Sorry, Folks, Gearheads Don't Need Google Glass To Save Us

I know Gizmodo is one of our Gawker littermates and I love them, but I have to call them out like anyone else when they say something misleading about "car enthusiasts." Things like how Google Glass will "save car enthusiasts from extinction." Because we don't need saving, and even if we did, Google Glass is not our Superman.

The article is off-base from the very first paragraph, where it suggests a fake war:

"Computers are killing the automotive hobby!" Car geeks say this with defeatist disdain; tech nerds utter it with futurist superiority. Thing is, they're both wrong. Virtual reality and wearable tech could very well save hobbyist mechanics from becoming the 21st century's horseshoe installers.

First off, nobody is saying computers are killing the automotive hobby. Sure, there's plenty of old cranks out there who lament the passing of the carburetor while pounding their fist on a bad O2 sensor housing, but the idea that the average car lover has any beef with computers is crazy.

Computers are why we're getting better mileage than ever before with less emissions. Computers are how you can get 20 more HP just by flashing the software on your ECU, computers are how you can actually find parts for a 40 year old British car in California, computers are how you can virtually drive the Nurburgring in a Lancia Stratos while in your underwear, and computers are part of how cars will remain viable in the future.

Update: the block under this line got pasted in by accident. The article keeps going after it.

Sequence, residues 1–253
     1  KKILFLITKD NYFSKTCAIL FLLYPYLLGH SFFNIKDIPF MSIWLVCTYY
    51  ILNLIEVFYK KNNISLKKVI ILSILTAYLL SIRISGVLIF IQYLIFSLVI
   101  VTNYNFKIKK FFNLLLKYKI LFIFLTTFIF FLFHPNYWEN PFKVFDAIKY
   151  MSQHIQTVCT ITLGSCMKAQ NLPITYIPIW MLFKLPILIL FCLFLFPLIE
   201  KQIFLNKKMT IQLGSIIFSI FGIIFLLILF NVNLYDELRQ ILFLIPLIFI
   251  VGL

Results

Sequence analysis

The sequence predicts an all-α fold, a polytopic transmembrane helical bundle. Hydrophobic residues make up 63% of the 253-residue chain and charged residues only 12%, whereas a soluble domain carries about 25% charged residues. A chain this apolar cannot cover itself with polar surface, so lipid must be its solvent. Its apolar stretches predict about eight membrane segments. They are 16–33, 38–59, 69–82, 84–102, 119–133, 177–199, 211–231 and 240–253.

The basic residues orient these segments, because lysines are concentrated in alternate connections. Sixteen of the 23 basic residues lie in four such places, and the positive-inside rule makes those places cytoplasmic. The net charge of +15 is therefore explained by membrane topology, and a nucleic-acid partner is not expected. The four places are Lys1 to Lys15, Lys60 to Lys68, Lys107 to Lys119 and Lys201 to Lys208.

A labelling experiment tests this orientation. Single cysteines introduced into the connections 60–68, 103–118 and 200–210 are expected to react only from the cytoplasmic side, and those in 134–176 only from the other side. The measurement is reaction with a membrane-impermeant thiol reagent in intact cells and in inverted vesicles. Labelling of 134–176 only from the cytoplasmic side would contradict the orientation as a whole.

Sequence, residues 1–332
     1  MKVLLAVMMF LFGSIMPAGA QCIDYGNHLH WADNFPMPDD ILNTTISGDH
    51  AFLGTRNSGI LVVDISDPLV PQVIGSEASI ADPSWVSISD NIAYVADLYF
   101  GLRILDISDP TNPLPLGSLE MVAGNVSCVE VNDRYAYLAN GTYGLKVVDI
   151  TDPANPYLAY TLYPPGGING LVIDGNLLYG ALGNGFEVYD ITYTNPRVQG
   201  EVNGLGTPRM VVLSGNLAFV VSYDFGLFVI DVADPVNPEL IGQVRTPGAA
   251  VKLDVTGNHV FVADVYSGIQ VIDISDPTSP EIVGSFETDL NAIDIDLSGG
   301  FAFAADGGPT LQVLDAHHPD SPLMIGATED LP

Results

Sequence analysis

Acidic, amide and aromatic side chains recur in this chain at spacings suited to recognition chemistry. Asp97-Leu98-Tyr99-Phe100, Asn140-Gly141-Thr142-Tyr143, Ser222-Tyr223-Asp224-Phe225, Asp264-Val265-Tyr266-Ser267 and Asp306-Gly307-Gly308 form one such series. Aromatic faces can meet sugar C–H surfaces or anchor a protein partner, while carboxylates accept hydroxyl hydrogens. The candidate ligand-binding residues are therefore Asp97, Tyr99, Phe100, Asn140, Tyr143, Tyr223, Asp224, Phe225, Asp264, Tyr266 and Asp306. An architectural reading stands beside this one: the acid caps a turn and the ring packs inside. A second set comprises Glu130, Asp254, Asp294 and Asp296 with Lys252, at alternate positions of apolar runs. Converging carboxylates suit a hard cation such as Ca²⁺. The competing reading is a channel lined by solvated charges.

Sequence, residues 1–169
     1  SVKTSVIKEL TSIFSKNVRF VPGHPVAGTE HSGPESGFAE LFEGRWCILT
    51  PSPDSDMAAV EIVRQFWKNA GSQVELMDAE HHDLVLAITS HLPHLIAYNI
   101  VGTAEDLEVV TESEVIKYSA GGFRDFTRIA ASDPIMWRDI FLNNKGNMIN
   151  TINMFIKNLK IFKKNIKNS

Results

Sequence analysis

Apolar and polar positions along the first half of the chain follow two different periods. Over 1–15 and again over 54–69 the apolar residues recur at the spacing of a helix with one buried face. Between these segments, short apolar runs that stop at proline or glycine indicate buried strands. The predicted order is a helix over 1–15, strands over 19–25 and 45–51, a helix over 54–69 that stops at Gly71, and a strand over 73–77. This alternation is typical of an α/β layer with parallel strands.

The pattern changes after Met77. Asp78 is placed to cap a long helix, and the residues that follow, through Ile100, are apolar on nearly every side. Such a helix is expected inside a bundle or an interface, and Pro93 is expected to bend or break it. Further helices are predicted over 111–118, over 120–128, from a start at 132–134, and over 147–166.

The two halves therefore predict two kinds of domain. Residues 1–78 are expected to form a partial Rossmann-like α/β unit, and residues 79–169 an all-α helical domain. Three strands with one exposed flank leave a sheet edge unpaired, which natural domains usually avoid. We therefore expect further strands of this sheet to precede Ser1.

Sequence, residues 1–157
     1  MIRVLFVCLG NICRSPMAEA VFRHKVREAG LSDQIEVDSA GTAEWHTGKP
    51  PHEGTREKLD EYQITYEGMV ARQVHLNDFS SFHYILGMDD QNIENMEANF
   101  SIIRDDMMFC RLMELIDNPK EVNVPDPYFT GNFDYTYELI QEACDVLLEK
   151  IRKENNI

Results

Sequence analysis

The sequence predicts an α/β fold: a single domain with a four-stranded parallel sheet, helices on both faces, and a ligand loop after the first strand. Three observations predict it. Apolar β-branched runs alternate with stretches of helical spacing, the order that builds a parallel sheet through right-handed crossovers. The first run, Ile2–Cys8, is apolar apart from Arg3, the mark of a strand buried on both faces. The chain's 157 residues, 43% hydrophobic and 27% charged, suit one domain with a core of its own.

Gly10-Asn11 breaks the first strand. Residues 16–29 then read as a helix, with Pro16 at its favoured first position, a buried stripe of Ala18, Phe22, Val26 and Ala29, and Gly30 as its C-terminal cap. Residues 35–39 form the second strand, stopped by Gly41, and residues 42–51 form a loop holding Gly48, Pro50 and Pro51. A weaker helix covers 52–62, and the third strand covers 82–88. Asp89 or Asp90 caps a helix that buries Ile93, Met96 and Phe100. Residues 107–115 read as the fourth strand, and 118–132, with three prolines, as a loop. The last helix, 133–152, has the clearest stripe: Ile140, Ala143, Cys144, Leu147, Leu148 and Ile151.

There is no war between computers and gearheads. There's only love. Sweet, sweet love. In fact, with (hopefully common) open-source CAN busses and open protocols like Ford's OpenXC protocol, there's more possibility for car-tinkering than ever before. This whole cars v. computers thing is just a strange straw man.

As far as the Google Glass being a great tool for working on your car, I totally agree. In fact, we pointed out this very thing last year. But the idea that this is what's going to "save" car enthusiasts is ridiculous. There will be plenty of car enthusiasts who will either work on vintage cars that don't require this or don't work on their own cars at all (because they're under warranty, or lack of interest/skill/space/whatever) — and those people are still important in car culture.

I know the author is a car guy, and I actually agree with almost all of what he's saying — I just don't agree with the idea that gearheads need saving, or the argument he brings up about the criticisms of the car as a "dying concept of transportation." I don't think the author agrees with this either, but the idea comes up enough that it's worth addressing.

Sure, in many big, congested cities, it makes no sense to own a car. That's fine, there's plenty of options there. But a car — any car — still means freedom in a way no public transport system can touch. At a rural lakehouse at 4 am when you get a craving for donuts? Good luck waiting for that bus to take you into town. Have a partner about to give birth in a city with less than 500,000 people? Knock yourself out on that hypothetical subway express line to the delivery ward.

It's not that this article is actually wrong about the basic subject, that wearable tech and related technologies will be good for auto enthusiasts — it's the way it approaches it. Setting these technologies up as something that will "save" car culture and setting up straw man arguments of both opposition in the car community and about the fundamental value of cars themselves is just not productive.

Sorry to expose everyone to a bit of friendly sibling squabbling, but I really don't like how often car culture is portrayed as some embattled relic that needs radical face-computers to save us.

We're fine. We're not going anywhere. But if we do, it'll be in our cars, and just because we like to drive.